Ouaga

Arriving Monday morning at 5:30 we drive through the empty streets of Ouaga. My backpack is resting on the back of Sarah’s moto bumping me closer and closer up against her. My helmet hits her head a few times. We get onto the bridge over the lake, the sun is rising, the water reflecting a rosy pastel sky. I feel cushioned by the energy of this place.

I sleep 6 hours. We eat mountains of rice and gorgeously greasy sauce for lunch. I flee the puppy who has decided to eat my feet for lunch.

In the evening we go out for dinner, just as we leave the house the power shuts down. When you live somewhere power cuts can be annoying, but when you are on holiday they are magical. There is plenty of light, the moon is crescent. Stars over the dirt road, silhouettes of palm tree crowns. Voices and crickets. Fried plantains and chicken. Moto lights flashing by.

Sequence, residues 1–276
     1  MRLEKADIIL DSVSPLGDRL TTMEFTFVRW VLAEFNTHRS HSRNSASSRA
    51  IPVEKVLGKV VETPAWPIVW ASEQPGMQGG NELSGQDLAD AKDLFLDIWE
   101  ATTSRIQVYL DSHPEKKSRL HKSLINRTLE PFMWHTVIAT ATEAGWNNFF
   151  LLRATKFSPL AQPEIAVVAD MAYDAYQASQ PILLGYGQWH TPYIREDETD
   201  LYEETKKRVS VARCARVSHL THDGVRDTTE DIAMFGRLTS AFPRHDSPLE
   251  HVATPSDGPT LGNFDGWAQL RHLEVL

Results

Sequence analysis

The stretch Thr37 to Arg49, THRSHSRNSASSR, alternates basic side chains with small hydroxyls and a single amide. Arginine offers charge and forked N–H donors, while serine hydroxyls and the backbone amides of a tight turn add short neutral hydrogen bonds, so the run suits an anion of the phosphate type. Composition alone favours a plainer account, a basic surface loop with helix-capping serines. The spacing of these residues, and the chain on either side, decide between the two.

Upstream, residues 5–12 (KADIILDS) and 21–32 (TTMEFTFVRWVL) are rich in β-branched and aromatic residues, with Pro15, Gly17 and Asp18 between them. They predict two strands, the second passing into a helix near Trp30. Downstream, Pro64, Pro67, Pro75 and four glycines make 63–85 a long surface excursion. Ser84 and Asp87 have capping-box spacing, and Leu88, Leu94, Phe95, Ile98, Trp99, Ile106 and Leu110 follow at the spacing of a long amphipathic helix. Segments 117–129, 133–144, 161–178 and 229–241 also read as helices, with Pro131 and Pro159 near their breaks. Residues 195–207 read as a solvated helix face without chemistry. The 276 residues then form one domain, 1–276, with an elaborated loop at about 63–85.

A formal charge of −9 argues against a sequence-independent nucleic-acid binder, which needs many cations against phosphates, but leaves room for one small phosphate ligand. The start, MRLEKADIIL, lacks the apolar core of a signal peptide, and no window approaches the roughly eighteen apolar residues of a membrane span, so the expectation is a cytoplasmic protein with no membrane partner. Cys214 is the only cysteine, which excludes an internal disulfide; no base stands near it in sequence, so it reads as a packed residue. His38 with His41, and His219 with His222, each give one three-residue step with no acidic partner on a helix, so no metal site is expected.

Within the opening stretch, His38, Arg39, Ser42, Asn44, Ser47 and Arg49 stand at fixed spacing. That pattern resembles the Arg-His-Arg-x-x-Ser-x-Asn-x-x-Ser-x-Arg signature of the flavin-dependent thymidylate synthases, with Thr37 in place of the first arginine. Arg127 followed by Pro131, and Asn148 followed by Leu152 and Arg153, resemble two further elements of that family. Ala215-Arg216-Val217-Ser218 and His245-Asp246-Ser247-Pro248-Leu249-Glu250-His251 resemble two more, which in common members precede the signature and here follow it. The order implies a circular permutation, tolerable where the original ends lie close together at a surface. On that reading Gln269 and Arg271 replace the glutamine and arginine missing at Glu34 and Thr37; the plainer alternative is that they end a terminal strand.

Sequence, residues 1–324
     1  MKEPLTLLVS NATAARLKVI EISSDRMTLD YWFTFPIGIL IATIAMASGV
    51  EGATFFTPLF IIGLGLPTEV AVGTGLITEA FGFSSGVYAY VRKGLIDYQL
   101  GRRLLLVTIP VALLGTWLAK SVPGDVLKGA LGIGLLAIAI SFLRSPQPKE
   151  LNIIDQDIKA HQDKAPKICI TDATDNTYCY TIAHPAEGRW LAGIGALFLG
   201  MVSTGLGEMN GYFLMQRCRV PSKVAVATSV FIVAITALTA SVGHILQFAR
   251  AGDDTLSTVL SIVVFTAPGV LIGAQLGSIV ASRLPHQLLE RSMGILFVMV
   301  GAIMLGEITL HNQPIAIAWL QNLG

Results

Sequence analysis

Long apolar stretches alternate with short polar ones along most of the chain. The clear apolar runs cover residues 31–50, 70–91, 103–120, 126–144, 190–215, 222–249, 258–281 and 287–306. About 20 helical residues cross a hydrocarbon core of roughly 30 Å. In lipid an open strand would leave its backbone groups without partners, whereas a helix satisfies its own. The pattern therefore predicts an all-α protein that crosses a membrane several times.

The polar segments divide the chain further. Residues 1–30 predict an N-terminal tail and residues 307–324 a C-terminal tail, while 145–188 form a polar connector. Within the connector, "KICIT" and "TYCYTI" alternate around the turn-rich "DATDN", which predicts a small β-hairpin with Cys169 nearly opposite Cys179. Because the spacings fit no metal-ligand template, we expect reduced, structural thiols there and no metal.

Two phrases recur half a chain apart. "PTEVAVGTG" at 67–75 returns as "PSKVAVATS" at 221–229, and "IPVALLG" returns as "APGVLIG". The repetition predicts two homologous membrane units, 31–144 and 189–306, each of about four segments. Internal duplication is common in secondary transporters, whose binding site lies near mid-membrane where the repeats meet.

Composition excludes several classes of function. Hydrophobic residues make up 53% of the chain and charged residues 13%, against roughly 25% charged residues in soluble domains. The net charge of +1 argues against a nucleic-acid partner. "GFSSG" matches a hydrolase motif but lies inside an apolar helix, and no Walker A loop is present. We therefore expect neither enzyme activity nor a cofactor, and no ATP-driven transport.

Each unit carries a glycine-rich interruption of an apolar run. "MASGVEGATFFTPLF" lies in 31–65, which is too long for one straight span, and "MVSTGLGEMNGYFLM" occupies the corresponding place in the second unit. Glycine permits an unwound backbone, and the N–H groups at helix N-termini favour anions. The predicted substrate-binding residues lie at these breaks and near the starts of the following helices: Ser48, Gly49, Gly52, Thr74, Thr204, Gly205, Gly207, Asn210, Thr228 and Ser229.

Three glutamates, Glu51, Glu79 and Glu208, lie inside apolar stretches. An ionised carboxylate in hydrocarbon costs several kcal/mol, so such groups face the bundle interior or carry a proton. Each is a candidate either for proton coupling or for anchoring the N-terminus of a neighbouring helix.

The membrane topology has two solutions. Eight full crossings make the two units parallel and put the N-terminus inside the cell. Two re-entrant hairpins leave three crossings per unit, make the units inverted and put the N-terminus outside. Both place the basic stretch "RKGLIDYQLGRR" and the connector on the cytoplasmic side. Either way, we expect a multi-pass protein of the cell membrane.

Tuesday Ouaga is warm, not sticky warm, just lazy warm… and dusty. My nose is clogged, there is a fine red film on the leaves in the yard. I scratch puppy’s tummy, she gets exited and pees. A little drop hits me on the cheek. Pink flowers playing with the sunlight.

I go out on my own, I’m not really sure when people are talking to me or not, but try to drop a “ça va” or two in the right directions. I pay five times the actual price for a bottle of milk, but don’t get lost on the way home.

Sarah hands me a helmet – it is dusty but it will keep you from dying! We go to her in-laws, I understand 20% of what is said but still manage to share in plenty of laughs and proudly produce three whole sentences on my own. Pure loveliness of people who actually want to communicate with you!

I so understand why people who come here stay….

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